$60 for three games that are supposedly remastered for the Xbox One and PS4. That’s what Ubisoft promised with Assassin’s Creed: The Ezio Collection, which consists of Assassin’s Creed 2, Assassin’s Creed: Brotherhood and Assassin’s Creed: Revelations. However, the final product isn’t even an upgrade over the Xbox 360 and PS3 versions of the game, just higher saturation with high brightness and slightly higher anisotropic filtering.
Various video comparisons were released showcasing the differences between the games, one of which came from YouTuber Cycu1 that had a number of people running to Ubisoft’s defense regarding what could be perceived as downgrades. You can check out the video below.
A lot of Ubisoft fanboys were quick to defend the company, pointing to a blog post they made back on September 13th, 2016 where Mikel Reparaz, an editor at Ubisoft, mentioned that the comparison footage from back then was from two different PC versions of Assassin’s Creed II, writing…
“The following videos were captured using the original PC releases at high settings. They are illustrative only of the games’ content and do not necessarily represent the final quality of Assassin’s Creed The Ezio Collection”
However, there’s no excuse for the most recent comparisons that Polygon and IGN did where we see that the Xbox One version of Assassin’s Creed: The Ezio Collection doesn’t look much better than the Xbox 360 version of the game.
While the frame-rate has been increased, and you can see an obvious resolution bump, the rest of the game looks practically the same other than the aforementioned anisotropic filtering increase. The brightened image and high saturation actually makes everything look worse than the more faded, darkened look from the Xbox 360 and PS3 version of the game.
In fact, there actually appears to be less details in the remastered version of the game when it comes to the shaders. You can see it clearly in the image below where the right side of Ezio’s collar in the remastered version has no self-shadowing at all compared to the original Xbox 360 version.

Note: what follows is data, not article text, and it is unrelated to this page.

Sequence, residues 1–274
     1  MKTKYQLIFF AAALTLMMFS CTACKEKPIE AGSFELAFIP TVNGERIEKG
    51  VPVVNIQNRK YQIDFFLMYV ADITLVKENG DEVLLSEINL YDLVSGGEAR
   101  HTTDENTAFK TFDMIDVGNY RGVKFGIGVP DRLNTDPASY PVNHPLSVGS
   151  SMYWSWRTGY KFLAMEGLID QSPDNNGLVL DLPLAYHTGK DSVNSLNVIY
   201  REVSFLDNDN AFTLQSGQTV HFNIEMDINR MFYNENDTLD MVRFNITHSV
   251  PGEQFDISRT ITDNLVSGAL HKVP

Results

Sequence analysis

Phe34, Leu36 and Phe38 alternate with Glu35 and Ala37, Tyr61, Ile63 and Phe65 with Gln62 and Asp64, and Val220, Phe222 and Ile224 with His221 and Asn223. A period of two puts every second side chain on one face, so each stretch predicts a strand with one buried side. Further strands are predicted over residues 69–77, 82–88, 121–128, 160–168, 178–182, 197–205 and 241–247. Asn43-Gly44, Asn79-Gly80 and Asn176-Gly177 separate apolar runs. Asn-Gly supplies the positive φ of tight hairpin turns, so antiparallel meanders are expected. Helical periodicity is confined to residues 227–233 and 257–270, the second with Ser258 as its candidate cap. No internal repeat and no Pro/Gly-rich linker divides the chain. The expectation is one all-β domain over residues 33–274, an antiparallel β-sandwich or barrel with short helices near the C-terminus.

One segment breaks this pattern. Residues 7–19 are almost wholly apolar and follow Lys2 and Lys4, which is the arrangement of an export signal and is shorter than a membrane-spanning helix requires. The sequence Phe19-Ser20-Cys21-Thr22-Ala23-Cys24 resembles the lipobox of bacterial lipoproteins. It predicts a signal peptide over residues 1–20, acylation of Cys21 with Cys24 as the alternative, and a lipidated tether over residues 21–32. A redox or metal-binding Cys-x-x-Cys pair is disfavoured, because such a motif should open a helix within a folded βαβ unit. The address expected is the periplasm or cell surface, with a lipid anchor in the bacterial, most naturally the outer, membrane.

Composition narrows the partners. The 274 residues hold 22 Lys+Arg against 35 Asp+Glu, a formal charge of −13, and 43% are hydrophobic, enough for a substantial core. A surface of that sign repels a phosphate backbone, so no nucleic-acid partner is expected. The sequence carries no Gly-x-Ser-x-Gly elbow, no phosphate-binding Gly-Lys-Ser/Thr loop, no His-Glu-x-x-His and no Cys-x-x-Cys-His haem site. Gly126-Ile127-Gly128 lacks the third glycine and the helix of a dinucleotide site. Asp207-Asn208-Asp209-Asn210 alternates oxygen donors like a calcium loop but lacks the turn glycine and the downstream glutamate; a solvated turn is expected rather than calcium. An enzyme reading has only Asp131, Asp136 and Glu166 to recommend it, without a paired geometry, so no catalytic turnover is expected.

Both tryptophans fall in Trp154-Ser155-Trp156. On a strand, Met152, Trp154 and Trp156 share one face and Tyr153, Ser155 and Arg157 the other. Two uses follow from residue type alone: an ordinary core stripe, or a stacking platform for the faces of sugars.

This was also apparent in other comparisons as well. The comparisons that IGN did show that during some of the cinematics the shaders and lighting weren’t present at all. We see that Lucy is a bright glowing blob in the remastered version of Assassin’s Creed II.
And even worse than that, the Xbox One version uses crushed blacks on the background to completely obscure and mask the lack of lighting. The Xbox 360 at least uses prebaked shadow rendering and keeps the lights on in the background so that you can at least make out what you’re looking at.
It’s almost as if the game was downgraded to run on lower-tier hardware, not remastered for a new generation of hardware. In fact, other than the 1080p resolution, there’s practically just a lot of downgrading going on, which you can see in effect in the video below.
Another huge thing that people noticed was that some of the NPCs look worse for wear on the Xbox One compared to the Xbox 360.
In the final comparison you can see that one of the NPCs on the Xbox One version has no rendering pass for the model shaders since they lack normal mapping. So he’s a flat looking prop as a background object.
Usually per-pixel or per-object shading is turned off to ease up on the processing power required to render a scene. In this case, the NPC standing in the background has his self-shadowing and lighting shaders turned off. Compare that to the Xbox 360 version where not only is there per-pixel shading but also self-shadowing for the character models, and they avoid using crushed blacks so that you can actually see the depth and range of the colors.
It’s an embarrassing display, no doubt. The fact that these newer remasters are coming out downgraded or side-graded compared to their original release on hardware almost a decade ago should leave people shaking their heads. The proper course to go is to get the game on PC if you really haven’t played Assassin’s Creed II, Brotherhood or Revelations. You’re literally ripping yourself off if you pay $60 for games that have higher resolution on the PS4 and Xbox One but objectively look worse by having turned off so many different graphics filters.